In one aspect of the present invention, the particulate fill material is divided into at least two layers: a first lower layer of ballast particles located on top of the backing and a second upper layer of resilient particles residing above the first lower layer. The first lower layer is comprised of particles such as gravel which provide weight for holding the backing in place. According to the United States Golf Association (U.S.G.A.), gravel is defined as particles having a diameter greater than 2 millimeters and sand is defined as particles having a diameter less than 2 millimeters. Fine gravel is defined by the U.S.G.A. as particles having a diameter between 2 and 3.4 millimeters. Although the U.S.G.A. uses diameter to measure particulate size, the particles of the present invention need not be symmetrical, i.e. have a diameter. They may be irregularly shaped. The ballast particles of the present invention are not intended to be limited to gravel. One type of ballast particle which is suitable for the present invention has the following analysis: 100 percent passing through a 0.5 inch or 12 millimeter sieve; not more than 10 percent passing through a number 10 or 2 millimeter sieve; and not more than 5 percent passing through a number 18 or 1 millimeter sieve.

The second upper layer provides resiliency for the synthetic turf. The resilient particles are preferably synthetic particles such as rubber particles, commonly referred to as crumb rubber.

In one aspect of the present invention, the height of the first lower layer is approximately equal to the height of the second upper layer. However, the first lower layer and the second upper layer may be any desired height.

In another aspect of the present invention, the particulate fill material is a mixture of ballast particles and resilient particles mixed together.

In another aspect of the present invention, the filled synthetic turf is multi-layered comprising at least two layers of filled synthetic turf. A surface layer of filled synthetic turf like the one described hereinabove, resides above a subsurface comprising another filled synthetic turf. The subsurface comprises a subsurface backing with a plurality of subsurface pile filaments extending upwardly therefrom to a desired height. A subsurface fill material resides on the subsurface backing to a desired vertical height relative to the desired height of the subsurface pile filaments. The subsurface fill material includes at least some resilient particles. In one aspect of the present invention the subsurface fill material may comprise gravel or sand as a lower layer and resilient particles such as rubber particles as an upper layer. The subsurface fill material may be held in place with a polymeric coating applied to the subsurface fill material and the subsurface pile filaments. Other binders such as latex or urethane may be used to hold the subsurface fill material in place.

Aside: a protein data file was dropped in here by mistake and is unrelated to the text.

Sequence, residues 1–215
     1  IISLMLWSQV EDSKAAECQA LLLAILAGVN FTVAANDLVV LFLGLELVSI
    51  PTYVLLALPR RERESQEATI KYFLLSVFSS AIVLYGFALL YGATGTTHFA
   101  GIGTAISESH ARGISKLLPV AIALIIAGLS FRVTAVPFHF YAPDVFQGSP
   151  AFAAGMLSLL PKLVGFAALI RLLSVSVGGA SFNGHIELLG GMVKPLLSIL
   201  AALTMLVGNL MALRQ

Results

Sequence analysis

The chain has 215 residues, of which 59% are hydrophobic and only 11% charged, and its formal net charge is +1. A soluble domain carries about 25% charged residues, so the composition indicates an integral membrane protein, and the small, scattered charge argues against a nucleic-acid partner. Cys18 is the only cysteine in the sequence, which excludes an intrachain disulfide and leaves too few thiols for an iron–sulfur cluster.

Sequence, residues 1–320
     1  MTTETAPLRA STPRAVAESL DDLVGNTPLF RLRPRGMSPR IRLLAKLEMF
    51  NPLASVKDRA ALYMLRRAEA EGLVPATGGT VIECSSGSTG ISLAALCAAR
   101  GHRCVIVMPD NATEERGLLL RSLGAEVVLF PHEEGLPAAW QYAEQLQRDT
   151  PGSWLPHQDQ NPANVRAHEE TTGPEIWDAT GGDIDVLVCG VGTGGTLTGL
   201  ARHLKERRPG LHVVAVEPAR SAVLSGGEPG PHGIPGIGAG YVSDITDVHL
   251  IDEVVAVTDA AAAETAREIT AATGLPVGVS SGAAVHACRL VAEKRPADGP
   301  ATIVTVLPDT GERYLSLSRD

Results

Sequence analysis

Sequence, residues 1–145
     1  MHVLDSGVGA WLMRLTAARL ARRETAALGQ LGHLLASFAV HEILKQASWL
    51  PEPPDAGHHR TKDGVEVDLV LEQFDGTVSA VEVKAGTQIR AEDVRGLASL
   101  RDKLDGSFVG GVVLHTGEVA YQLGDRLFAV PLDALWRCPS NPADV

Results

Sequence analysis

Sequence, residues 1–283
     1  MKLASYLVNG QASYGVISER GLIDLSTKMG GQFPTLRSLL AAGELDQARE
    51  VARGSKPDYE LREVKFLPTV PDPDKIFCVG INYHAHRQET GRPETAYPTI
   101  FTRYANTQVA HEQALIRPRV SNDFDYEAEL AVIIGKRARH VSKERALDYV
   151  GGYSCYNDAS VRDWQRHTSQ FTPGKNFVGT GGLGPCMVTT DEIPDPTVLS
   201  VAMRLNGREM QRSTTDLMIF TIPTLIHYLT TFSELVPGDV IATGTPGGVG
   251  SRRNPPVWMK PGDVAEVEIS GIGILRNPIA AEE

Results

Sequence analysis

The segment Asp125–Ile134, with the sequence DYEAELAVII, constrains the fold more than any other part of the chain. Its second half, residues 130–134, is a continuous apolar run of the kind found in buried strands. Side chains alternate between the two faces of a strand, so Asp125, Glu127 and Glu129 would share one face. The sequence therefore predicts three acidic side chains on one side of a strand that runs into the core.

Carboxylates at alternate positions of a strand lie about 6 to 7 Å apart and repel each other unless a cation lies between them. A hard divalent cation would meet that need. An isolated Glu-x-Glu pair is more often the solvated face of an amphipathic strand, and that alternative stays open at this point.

In yet another aspect of the present invention, the composition of the subsurface fill material and the desired height of the subsurface pile filaments may be selected to achieve a desired degree of shock absorption for the subsurface and for the synthetic turf located thereabove.

In yet another aspect of the present invention tubing may reside in the subsurface fill material above the subsurface backing and below the tops of the subsurface pile filaments. The tubing is adapted to be operatively connected to a pump or other device to convey fluid within the tubing to selectively heat or cool the subsurface and thereby heat or cool the filled synthetic turf located above the subsurface.

BRIEF DESCRIPTION OF THE DRAWINGS

The objectives and features of the invention will become more readily apparent from the following detailed description taken in conjunction with the accompanying drawings in which:

FIG. 1 is a cross-sectional view of the filled synthetic turf of the present invention;

FIG. 1A is a cross-sectional view of the filled synthetic turf of FIG. 1 residing on a slightly different foundation;

FIG. 1B is a cross-sectional view of one aspect of the filled synthetic turf of the present invention;

FIG. 2A is a cross-sectional view of another embodiment of the present invention illustrating a filled synthetic turf residing on a subsurface comprising another filled synthetic turf;